Human beings gather information about the world around them through their five senses. Of those senses, the sense of smell is often the most under-estimated, and yet it is said that smells can have the most psychologically provocative effect. A specific fragrance can makes us happy, sad, hungry, or even fearful. Indeed, it says in the Book of Proverbs: “Ointment and perfume rejoice the heart” (Proverbs 27:9).
Perhaps, then, it is not surprising that the Midrash refers to the ketoret, the ancient incense offering of the Temple, as being “more precious than all the sacrifices” (Numbers Rabbah 18:8). The ketoret is introduced in Exodus 30:34-38, which refers to a combination of stacte, onycha, galbanum and frankincense. According to the Talmud (tractate Kretot), the ketoret was actually composed of many more ingredients, but these four were the primary spices.
A small portion of the ketoret was set aside in the ohel moed (tent of meeting) and the Torah instructs that “it shall be to you most holy.”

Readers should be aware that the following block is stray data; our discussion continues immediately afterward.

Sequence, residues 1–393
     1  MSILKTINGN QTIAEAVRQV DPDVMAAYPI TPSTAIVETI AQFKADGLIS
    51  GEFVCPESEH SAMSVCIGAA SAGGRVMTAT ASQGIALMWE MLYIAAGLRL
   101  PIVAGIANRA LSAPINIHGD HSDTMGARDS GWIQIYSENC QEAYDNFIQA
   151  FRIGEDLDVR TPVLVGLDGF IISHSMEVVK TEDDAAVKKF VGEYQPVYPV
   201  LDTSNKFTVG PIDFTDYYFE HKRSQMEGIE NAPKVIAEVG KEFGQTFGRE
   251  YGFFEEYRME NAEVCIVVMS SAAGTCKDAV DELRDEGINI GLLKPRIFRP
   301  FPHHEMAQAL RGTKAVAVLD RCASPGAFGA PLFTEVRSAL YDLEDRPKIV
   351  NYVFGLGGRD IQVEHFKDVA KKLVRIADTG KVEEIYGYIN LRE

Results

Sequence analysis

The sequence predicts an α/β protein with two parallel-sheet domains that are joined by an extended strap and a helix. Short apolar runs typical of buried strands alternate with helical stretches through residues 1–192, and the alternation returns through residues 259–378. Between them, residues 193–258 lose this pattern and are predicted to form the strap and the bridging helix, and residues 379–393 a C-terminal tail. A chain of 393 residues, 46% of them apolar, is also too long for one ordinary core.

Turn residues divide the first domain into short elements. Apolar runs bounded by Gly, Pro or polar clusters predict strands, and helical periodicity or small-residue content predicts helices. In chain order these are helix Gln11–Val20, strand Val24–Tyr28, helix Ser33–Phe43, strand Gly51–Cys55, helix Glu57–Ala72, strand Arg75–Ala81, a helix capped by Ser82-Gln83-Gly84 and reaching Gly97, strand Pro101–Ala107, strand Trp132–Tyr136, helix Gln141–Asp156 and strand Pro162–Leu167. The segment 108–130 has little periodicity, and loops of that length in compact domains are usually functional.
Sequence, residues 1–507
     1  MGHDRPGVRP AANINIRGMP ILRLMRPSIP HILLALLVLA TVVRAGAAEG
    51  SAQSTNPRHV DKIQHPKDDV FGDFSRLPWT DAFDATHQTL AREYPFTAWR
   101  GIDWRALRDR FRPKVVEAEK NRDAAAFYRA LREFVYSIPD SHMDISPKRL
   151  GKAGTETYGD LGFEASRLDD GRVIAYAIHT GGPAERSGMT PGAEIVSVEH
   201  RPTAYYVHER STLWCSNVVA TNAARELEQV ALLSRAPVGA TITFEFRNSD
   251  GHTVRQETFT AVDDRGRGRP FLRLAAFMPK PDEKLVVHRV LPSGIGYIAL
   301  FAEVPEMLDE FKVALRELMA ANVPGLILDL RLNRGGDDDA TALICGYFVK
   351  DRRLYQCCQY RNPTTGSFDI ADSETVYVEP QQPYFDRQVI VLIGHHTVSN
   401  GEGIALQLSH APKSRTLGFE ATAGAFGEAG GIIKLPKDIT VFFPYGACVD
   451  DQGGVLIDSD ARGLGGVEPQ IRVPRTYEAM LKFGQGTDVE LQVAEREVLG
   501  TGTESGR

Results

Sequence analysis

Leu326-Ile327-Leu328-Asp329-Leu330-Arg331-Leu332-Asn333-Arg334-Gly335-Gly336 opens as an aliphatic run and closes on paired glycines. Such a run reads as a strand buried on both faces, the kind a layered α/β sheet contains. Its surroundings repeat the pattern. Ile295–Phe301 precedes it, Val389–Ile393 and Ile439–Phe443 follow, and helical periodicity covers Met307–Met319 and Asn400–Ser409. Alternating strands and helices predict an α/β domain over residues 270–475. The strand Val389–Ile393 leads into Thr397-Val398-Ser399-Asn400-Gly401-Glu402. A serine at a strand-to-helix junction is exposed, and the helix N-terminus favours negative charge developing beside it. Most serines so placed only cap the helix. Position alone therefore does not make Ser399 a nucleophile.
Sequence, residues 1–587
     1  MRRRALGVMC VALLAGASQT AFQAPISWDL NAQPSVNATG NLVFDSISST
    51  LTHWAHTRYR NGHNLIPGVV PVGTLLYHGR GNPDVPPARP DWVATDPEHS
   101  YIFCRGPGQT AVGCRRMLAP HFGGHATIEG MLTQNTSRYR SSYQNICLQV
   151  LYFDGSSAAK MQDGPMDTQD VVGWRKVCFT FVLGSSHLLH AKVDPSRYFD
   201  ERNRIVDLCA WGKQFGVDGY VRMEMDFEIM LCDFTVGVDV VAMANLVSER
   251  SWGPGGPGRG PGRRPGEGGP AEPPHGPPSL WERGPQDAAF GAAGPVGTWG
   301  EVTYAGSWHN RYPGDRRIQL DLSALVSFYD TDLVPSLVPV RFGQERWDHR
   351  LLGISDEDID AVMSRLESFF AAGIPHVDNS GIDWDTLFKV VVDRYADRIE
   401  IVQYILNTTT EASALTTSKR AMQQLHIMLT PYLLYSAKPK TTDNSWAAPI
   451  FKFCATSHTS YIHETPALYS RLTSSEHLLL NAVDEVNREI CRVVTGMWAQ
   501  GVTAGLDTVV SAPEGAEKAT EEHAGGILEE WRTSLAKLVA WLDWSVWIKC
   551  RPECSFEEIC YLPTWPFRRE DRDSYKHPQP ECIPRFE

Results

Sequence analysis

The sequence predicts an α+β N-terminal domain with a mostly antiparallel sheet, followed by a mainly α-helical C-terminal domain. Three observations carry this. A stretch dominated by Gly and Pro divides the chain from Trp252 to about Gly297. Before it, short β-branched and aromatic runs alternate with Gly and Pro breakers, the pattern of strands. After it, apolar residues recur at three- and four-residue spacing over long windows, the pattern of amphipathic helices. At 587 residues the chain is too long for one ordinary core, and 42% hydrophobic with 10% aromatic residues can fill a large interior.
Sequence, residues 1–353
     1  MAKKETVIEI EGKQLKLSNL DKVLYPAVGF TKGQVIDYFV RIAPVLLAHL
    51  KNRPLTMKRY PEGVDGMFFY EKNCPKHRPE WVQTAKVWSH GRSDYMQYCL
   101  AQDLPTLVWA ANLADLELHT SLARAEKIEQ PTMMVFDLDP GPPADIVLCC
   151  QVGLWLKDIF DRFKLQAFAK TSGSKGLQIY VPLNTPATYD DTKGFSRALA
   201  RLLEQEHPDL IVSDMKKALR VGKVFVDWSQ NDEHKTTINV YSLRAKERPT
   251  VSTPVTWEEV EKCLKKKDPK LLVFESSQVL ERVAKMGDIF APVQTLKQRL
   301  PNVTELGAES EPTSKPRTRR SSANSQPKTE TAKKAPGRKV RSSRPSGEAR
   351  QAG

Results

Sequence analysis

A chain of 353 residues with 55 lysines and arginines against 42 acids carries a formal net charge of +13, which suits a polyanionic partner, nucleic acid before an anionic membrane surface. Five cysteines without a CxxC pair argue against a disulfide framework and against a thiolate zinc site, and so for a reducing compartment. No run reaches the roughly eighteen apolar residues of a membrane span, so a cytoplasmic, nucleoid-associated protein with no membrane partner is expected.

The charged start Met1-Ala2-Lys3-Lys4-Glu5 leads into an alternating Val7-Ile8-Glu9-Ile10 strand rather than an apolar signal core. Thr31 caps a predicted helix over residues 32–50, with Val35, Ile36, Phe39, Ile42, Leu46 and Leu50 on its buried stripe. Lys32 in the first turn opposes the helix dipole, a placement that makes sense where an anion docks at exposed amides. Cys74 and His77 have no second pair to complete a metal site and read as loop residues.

Like many of the items used in the Mishkan (Tabernacle) and the Temple, the true ketoret formula is no longer known. One could certainly attempt to combine the listed ingredients, but this would actually be a violation of separate Torah commandment that states: “And the ketoret that you shall make, according to the composition thereof, you shall not make for yourselves; it shall be holy to you for God. Whosoever shall make similar [shall try to replicate it], to smell thereof, he shall be cut off from his people.” (Exodus 30:37-38).
Wishing you all a happy Fragrance Day.